Will Avenue’s Bar + Eatery Become a New Favorite in Kaimukī?
Avenue’s Bar + Eatery is the most recent restaurant to take over this quirky space on Wai‘alae Avenue.
Avenue’s Bar + Eatery on Wai‘alae Avenue is a more casual offshoot of 12th Ave Grill, with gastropub dishes such as poutine fries, deviled eggs and piquillo peppers stuffed with the Grill’s famous smoked ‘ahi spread.
Photo: Kawehi Haug
When Kevin Hanney opened 12th Ave Grill, we knew from the beginning that the Kaimukī restaurant would be a longtime favorite.
And we were right.
We love it more now than ever, and—bonus!—we feel like we have even more to love with Hanney’s newest place, Avenue’s Bar + Eatery, which is like 12th Ave Jr.
Avenue’s, which replaced Hale Ōhuna, and before that, Salt Bar & Kitchen (also a Hanney concept), is essentially a more casual, less restaurant-y offshoot of 12th Ave Grill, which means it has all the gastro greatness of the Grill, on a much smaller scale.
The famously tiny space, with just a few tables and an eight-seat bar on Wai‘alae Avenue, has been infamously difficult to sustain. It’s one of those high-turnover spots, with a years-long reputation for seeing multiple openings and closings—some of the restaurant tenants only lasting a few months. But, if we had to make a prediction, we suspect Hanney might have cracked the code this time.
It’s got all the makings of a great neighborhood haunt: a full bar, good service and a solid menu of pub-food faves including sliders, burgers and drippy, meaty, cheesy, melty sandwiches (more on this later), twice-fried french fries and something called bacon-corn gravy. If that doesn’t keep the place full for a while, we give up.
Though Avenue’s is already reasonably priced, with most items on the menu priced below $20, happy hour is where it’s at, at least for first-timers, because you can sample a seriously comprehensive list of dishes, all for just a few dollars each.
Also, never leave Avenue’s without ordering the piquillo peppers stuffed with 12th Ave Grill’s famous smoked ‘ahi spread ($12). We love the stuff on just about anything, but encased in the perfectly roasted sweet red pepper? It’s our favorite smoked ‘ahi match yet.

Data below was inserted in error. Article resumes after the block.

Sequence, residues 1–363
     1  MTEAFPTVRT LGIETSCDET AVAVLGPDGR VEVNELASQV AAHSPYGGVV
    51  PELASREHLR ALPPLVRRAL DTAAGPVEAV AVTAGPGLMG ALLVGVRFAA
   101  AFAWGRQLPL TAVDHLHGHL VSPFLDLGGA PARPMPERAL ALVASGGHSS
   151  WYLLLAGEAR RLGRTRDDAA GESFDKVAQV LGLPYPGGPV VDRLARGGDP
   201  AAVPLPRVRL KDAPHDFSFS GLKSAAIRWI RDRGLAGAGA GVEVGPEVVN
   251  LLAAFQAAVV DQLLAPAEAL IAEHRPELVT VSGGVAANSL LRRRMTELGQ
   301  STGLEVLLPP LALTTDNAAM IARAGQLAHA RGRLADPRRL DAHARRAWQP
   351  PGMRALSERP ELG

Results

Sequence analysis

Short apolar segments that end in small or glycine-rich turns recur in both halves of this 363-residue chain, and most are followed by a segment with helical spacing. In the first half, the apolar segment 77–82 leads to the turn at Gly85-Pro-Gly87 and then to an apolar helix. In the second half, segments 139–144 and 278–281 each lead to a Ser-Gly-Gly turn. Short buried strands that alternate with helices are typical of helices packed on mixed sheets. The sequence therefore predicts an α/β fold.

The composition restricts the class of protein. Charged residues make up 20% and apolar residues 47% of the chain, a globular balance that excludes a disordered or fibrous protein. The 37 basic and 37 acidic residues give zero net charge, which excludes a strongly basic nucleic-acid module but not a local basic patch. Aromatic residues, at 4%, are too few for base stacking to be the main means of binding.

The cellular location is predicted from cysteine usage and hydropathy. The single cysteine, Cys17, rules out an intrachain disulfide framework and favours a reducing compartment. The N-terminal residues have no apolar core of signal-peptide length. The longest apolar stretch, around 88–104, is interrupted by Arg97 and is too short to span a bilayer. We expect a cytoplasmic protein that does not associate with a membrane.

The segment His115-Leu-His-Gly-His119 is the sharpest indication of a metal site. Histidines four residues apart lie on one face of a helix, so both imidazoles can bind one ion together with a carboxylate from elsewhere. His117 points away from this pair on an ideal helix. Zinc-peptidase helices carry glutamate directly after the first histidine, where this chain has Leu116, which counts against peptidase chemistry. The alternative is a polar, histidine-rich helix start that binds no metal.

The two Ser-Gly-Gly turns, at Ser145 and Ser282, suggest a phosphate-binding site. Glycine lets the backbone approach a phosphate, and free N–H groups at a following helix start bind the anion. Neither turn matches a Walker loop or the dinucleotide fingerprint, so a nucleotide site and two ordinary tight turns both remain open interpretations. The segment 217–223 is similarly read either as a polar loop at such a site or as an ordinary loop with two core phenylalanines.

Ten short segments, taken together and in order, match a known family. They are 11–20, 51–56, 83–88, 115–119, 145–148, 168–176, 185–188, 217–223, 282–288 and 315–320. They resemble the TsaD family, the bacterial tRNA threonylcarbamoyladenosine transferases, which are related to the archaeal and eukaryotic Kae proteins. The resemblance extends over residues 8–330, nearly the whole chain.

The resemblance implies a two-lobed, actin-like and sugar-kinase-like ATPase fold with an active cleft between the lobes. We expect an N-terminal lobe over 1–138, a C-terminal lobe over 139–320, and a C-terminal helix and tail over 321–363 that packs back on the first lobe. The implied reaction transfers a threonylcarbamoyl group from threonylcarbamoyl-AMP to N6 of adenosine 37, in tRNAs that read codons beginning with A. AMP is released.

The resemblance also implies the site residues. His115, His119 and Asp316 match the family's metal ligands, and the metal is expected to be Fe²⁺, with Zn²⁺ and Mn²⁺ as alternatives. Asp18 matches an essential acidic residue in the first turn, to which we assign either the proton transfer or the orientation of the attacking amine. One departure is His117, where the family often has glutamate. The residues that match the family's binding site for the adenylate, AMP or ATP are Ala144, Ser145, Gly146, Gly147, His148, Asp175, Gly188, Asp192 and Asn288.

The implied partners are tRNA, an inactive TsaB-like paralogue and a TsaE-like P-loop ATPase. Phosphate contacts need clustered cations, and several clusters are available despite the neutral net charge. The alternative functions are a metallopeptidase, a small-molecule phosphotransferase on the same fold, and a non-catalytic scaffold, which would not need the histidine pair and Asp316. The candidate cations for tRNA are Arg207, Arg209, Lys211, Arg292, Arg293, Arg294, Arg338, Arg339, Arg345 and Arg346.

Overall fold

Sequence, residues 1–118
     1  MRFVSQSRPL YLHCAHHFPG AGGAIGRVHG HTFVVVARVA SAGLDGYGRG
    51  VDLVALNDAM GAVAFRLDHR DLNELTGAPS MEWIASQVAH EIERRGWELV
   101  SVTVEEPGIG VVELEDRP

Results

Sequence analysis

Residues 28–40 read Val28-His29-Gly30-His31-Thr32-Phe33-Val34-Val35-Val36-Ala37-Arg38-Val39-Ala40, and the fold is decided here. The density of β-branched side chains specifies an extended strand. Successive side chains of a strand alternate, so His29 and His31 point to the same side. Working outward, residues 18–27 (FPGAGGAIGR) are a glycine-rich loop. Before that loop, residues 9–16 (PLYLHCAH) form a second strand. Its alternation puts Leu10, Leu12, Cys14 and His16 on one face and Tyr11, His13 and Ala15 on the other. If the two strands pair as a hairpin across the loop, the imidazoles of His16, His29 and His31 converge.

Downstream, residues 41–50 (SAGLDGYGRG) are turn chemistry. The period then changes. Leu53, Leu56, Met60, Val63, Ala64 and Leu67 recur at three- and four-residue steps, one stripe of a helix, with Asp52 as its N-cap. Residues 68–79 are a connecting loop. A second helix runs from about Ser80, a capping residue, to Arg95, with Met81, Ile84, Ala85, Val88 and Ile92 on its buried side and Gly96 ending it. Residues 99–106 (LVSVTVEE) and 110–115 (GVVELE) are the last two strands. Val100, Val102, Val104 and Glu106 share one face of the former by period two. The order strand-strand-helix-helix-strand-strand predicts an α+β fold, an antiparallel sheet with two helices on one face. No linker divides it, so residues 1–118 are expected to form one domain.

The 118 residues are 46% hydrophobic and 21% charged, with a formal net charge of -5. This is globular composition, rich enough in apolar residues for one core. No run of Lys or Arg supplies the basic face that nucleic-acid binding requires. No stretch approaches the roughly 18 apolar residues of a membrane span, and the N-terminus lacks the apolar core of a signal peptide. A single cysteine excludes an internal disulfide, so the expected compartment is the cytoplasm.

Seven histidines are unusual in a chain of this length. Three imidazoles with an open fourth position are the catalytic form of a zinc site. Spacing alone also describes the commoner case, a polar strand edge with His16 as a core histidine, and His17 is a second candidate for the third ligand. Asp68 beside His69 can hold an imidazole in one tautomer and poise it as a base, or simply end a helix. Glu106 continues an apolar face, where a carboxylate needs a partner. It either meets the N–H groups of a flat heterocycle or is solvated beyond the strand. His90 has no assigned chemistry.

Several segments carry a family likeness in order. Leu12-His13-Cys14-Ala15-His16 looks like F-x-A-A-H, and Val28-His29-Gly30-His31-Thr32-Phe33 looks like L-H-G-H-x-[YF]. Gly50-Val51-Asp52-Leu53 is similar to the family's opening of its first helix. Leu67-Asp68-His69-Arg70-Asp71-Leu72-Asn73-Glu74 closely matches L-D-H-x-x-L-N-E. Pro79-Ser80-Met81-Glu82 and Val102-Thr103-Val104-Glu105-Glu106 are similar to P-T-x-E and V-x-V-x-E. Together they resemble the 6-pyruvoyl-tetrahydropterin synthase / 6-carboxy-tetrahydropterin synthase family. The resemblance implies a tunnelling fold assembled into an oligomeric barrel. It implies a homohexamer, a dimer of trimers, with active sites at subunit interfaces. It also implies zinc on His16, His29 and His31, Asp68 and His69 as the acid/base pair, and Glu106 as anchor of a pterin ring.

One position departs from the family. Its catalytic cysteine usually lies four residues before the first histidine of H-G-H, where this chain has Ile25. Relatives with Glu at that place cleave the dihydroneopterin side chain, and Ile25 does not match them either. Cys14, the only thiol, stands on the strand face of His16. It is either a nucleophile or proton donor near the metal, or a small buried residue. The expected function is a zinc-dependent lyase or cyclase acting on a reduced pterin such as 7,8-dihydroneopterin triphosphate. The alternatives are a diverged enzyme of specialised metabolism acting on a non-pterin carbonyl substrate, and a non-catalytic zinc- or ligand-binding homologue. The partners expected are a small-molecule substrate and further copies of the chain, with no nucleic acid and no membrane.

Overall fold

Follow the peppers with a slider, either meatball and pepperoni, or burger and bacon jam. There’s a big plate of gravy-smothered french fries ($8)—called “poutine” on the menu, but they’re more like disco fries. Enter the bacon-corn gravy. It’s like Southern-style sausage grave meets turkey gravy and we like it a lot. The gravy fries are topped with a soft, white cheddar that’s made in-house by chef Robert Paik, formerly of Vintage Cave, who brings to the menu a not-too-bourgie sense of culinary finesse that makes Avenue’s one of the few places in this city actually worthy of the title “gastropub.”
For a bigger meal, get the Jidori buttermilk fried chicken ($18), covered with an ethereally light and crisp batter and served with the signature gravy, smashed potatoes, pickled okra and a biscuit. Our biscuit was one of the only low points in our meal—a dense little puck of unleavened dough, but, with enough gravy, who cares?
The other less-than-great dish was the chocolate beignets ($8). When we see beignets on a menu, we anticipate impossibly fluffy pillows of fried dough bathed in a cool veil of powdered sugar. What we got, instead, were triangles of puff pastry filled with local chocolate and under-fried, leaving on the plate a doughy and distinctly un-pillow-y hot mess. But then we tried the mango cake ($8) with whipped sour cream and completely forgot the beignets. No harm, no foul.
Next time, we’ll skip dessert and just get the pastrami melt ($15), with house-made pastrami, warm and gooey Gruyere and caramelized ‘Ewa onions for a perfect sweet finish.
Avenue’s Bar + Eatery, 3605 Wai‘alae Ave., happy hour daily from 5:30 to 6:30 and 10 p.m. to closing Thursday through Sunday. Happy hour pūpū $2-$13; burgers, sliders and sandwiches $5 to $16; entrees $15 to $18, 744-7567, avenuesbarandeatery.com